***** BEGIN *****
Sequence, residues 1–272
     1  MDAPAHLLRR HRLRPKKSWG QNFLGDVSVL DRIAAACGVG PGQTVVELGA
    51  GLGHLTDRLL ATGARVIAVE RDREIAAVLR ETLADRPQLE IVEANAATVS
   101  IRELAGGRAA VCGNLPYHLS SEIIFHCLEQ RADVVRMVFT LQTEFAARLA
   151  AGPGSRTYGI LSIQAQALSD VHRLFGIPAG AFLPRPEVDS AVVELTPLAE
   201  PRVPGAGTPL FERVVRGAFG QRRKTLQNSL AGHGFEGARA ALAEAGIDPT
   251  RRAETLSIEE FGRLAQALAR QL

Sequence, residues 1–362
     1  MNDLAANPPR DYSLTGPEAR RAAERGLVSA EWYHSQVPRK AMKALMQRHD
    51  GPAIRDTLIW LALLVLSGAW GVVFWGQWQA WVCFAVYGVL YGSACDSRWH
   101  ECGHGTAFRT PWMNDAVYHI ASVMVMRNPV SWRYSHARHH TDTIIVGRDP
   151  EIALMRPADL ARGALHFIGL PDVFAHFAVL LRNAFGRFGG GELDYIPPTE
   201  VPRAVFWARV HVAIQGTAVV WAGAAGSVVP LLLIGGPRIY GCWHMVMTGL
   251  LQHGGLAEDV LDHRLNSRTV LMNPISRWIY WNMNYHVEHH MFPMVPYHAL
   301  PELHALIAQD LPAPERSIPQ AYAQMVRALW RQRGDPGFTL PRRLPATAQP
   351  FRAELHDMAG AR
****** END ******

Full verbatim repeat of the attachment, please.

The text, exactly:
Sequence, residues 1–272
     1  MDAPAHLLRR HRLRPKKSWG QNFLGDVSVL DRIAAACGVG PGQTVVELGA
    51  GLGHLTDRLL ATGARVIAVE RDREIAAVLR ETLADRPQLE IVEANAATVS
   101  IRELAGGRAA VCGNLPYHLS SEIIFHCLEQ RADVVRMVFT LQTEFAARLA
   151  AGPGSRTYGI LSIQAQALSD VHRLFGIPAG AFLPRPEVDS AVVELTPLAE
   201  PRVPGAGTPL FERVVRGAFG QRRKTLQNSL AGHGFEGARA ALAEAGIDPT
   251  RRAETLSIEE FGRLAQALAR QL

Sequence, residues 1–362
     1  MNDLAANPPR DYSLTGPEAR RAAERGLVSA EWYHSQVPRK AMKALMQRHD
    51  GPAIRDTLIW LALLVLSGAW GVVFWGQWQA WVCFAVYGVL YGSACDSRWH
   101  ECGHGTAFRT PWMNDAVYHI ASVMVMRNPV SWRYSHARHH TDTIIVGRDP
   151  EIALMRPADL ARGALHFIGL PDVFAHFAVL LRNAFGRFGG GELDYIPPTE
   201  VPRAVFWARV HVAIQGTAVV WAGAAGSVVP LLLIGGPRIY GCWHMVMTGL
   251  LQHGGLAEDV LDHRLNSRTV LMNPISRWIY WNMNYHVEHH MFPMVPYHAL
   301  PELHALIAQD LPAPERSIPQ AYAQMVRALW RQRGDPGFTL PRRLPATAQP
   351  FRAELHDMAG AR